The ball is in the court of the FHFA to reform the GSE
Eleven years after government-sponsored oversight began and yet another report – this one from the Trump administration – presented a plan to reform housing finance.
But this one promises to be different, since many of the recommendations can be made administratively.
In the week following the publication of the Treasury report, the director of the Federal Housing Finance Agency, Mark Calabria, has already started to implement one of the main recommendations – to curb the explosion of multi-family businesses in Fannie Mae and Freddie Mac.
GSEs were living up to their old tricks, using taxpayer benefits to crowd out the private sector and pro-cyclically develop an already booming multi-family debt market. This was the result of loopholes put in place by Calabria’s predecessor. From 2015 to 2017, the volume of GSE increased three times faster than the overall market.
This swift action bodes well for others, as Calabria accomplished by modifying the GSE Trusteeship Dashboard, a quick and efficient method.
Yet most media reports have focused on legislative proposals to reform Fannie Mae and Freddie Mac, legislation that is not expected to be enacted anytime soon. Ignored are the many recommendations for swift administrative action to reduce foreclosure by leveling the playing field between GSEs and the private sector; and reducing the footprint of GSEs.
The Treasury report, along with another from the Department of Housing and Urban Development, gave Calabria and FHA Commissioner Brian Montgomery the green light to take administrative action and do it quickly. This is all the more feasible given that today’s rate cut and strong market demand would minimize the impact, a practical consideration in the run-up to a presidential election.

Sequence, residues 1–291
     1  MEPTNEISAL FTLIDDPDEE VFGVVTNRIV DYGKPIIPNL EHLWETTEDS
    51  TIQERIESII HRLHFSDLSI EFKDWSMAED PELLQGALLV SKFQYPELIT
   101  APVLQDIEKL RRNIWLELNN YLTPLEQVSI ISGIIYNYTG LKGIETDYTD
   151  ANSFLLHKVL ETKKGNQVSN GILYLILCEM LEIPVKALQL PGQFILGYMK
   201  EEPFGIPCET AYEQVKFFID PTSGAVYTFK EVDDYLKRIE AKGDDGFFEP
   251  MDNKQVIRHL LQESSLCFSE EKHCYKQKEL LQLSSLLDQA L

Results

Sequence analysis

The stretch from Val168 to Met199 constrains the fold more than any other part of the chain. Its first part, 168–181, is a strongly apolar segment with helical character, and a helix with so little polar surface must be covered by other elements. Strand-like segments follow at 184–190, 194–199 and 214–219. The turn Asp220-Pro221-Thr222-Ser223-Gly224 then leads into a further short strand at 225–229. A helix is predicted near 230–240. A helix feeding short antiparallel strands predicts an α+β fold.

Reducing the massive single-family footprint of GSEs is also needed. Today, taxpayers have to pay over $ 5,000 billion in GSE debt. Yet the only plausible reason the government is supporting the housing market is to help low- and moderate-income families buy a home.
An assessment of the activity of GSEs in 2018 shows that they do not pass this simple test: less than 25% go to those who buy a primary residence for less than $ 250,000. Once again, GSEs have used their many strengths to oust the private sector and operate in a dangerously procyclical fashion.
The Treasury report endorses the Consumer Financial Protection Bureau’s decision to allow a so-called patch to go missing for its qualified mortgage rule. The QM rule was established in response to the housing crisis by setting a repayment capacity standard for underwriting mortgages. But it also allowed a temporary patch for any GSE-backed mortgages to qualify under the rule, which greatly benefited GSEs. This would be a big step forward to level the playing field between GSEs and the private sector.
Regardless of the changes made by the CFPB, the FHFA should consider which single-family mortgages under a revised capacity to pay requirement should be eligible for acquisition by the GSEs, as recommended by the Treasury report. Next, the FHFA should implement GSE capital requirements that require sufficient capital to remain viable during a severe economic downturn, while ensuring that shareholders bear the potential losses instead of taxpayers.
The Treasury report is also correct in suggesting that the FHFA, in consultation with other federal financial regulators, should “harmonize regulatory requirements” for GSEs and other housing finance participants.
A key recommendation calls on the FHFA to reduce the footprint of GSEs by[ing] support for cash refinancing, investor loans, vacation home loans, higher principal balance loans or other subsets of mortgages acquired by GSE. This would reduce foreclosure, reduce the footprint of GSEs, and have little or no impact on the home buying market.
Finally, in order to end competition between GSEs and FHA, Calabria and Montgomery need to clarify the appropriate roles and overlaps between GSEs and FHA, as the report recommends. They should address acquisitions by GSEs of loans with high loan-to-value and debt-to-income ratios. They should also discuss FHA’s underwriting of cash refinances, conventional refinances to the FHA, and FHA recurring borrower loans.
This is necessary to end the unseemly taxpayer-funded competition for high-risk loans between these agencies and the growing risk of the FHA’s insurance portfolio.
As entry-level house prices continue to rise rapidly and the supply of housing is limited, taking these steps now would slow the unsustainable appreciation in house prices. This would be good news for first-time home buyers, who tend to be from lower incomes and minorities. These same borrowers tend to take out the loans with the greatest risk of default with the riskiest stratification.
It would be a win-win solution for first-time buyers and taxpayers.